After nearly ten hours of debate on Thursday, Haiti’s Senate voted by a simple majority to remove Prime Minister Michele Pierre-Louis from office. She did not attend the special session where 18 of 29 Senators voted against her.
Appointed by President René Préval in September 2008, the Prime Minister has been criticized for her lack of political leadership and alleged involvement in corruption. Expectations for Haiti’s future had been further raised with the appointment of former President Bill Clinton as United Nations Special Envoy to Haiti in May.
But the vote was not without controversy. Senators supporting Pierre-Louis called the session unconstitutional and cited Article 107 of the Haitian Constitution. “If a special session is held in the Senate, Senators are under the strict obligation of respecting the agenda established by the government,” according to Senator Rudy Hérivaux.
During her tenure, Pierre-Louis had mainly focused on consolidating international support after the series of tropical storms that killed nearly 800 people last year. President Préval is said to be replacing her by Minister of Planning and External Cooperation Jean-Max Bellerive, who will have to be ratified by the National Assembly.
President Leonel Fernández of the Dominican Republic and President René Préval of Haiti agreed on Thursday to work together to eliminate mosquito-transmitted diseases on the island. The deal was struck under the auspices of former U.S. President Jimmy Carter. The 10-year, $200 million program is focused on the eradication of malaria and filariasis.
The Dominican Republic and Haiti are the only Caribbean countries still affected by malaria. According to authorities from both countries, 33,000 malaria cases with 200 deaths were reported in 2007; 90 percent of the cases were on the Haitian side of the border.
A pilot project run by the Carter Center began in 2008 with a $200,000 investment in the border towns Dajabon, Dominican Republic, and Ouanaminthe, Haiti. Hopes are high for the program’s success, with only minimal resistance by a few government officials—a good sign considering the lack of political will in the past.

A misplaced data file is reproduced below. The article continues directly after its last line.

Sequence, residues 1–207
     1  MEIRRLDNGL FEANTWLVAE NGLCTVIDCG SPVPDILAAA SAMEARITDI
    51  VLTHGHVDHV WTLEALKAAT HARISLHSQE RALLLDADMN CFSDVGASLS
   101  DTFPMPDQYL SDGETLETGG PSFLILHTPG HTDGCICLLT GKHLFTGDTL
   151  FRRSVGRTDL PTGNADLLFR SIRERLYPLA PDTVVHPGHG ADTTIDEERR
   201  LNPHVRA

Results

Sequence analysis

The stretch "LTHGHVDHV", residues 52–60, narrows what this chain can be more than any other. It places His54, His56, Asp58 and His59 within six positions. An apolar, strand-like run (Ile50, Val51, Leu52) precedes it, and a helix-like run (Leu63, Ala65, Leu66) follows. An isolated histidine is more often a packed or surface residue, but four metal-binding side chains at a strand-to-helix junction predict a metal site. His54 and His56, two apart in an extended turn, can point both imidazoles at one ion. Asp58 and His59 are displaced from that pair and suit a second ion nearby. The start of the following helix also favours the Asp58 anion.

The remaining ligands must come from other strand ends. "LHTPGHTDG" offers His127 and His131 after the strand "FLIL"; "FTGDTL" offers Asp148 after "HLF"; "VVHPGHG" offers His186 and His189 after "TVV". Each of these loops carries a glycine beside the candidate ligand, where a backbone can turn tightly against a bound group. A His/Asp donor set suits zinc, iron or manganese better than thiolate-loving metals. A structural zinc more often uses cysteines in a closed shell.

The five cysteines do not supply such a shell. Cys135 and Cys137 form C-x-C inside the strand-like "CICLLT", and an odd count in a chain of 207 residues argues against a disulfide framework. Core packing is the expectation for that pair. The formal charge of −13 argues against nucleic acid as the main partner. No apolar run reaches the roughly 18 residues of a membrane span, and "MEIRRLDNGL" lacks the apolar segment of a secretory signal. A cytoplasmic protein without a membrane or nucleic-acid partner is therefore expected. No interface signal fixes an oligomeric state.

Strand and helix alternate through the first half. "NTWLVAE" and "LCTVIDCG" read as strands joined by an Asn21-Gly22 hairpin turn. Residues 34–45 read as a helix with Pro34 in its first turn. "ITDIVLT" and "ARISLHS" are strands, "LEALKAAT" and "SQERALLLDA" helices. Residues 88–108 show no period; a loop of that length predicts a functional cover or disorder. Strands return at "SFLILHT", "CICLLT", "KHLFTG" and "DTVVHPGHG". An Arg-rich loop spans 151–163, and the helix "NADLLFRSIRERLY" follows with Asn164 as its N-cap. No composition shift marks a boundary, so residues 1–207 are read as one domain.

Repeated emphasis has been made on the need for binational cooperation. Malaria is a threat to both economies as well as to their tourism.
The Clinton Global Initiative (CGI) revealed at its annual conference in New York on Thursday 21 new projects, totaling a $258 million investment, for Haiti in 2010. These initiatives will be carried out together with other organizations such as actor Matt Damon’s Water.org—an initiative to improve sanitation and access to water for an estimated 50,000 people in Haiti. The U.S. Agency for International Development and Habitat for Humanity also pledged $4.5 million in 2010 to carry out repairs from last year’s hurricane that damaged 1,500 homes.
The Clinton Global Initiative’s contribution last year—an estimated $170 million—ran 31 programs on the island. The CGI was founded in 2005 by former President Bill Clinton, who was appointed UN Special Envoy to Haiti in May. Clinton met with Haitian President René Préval yesterday.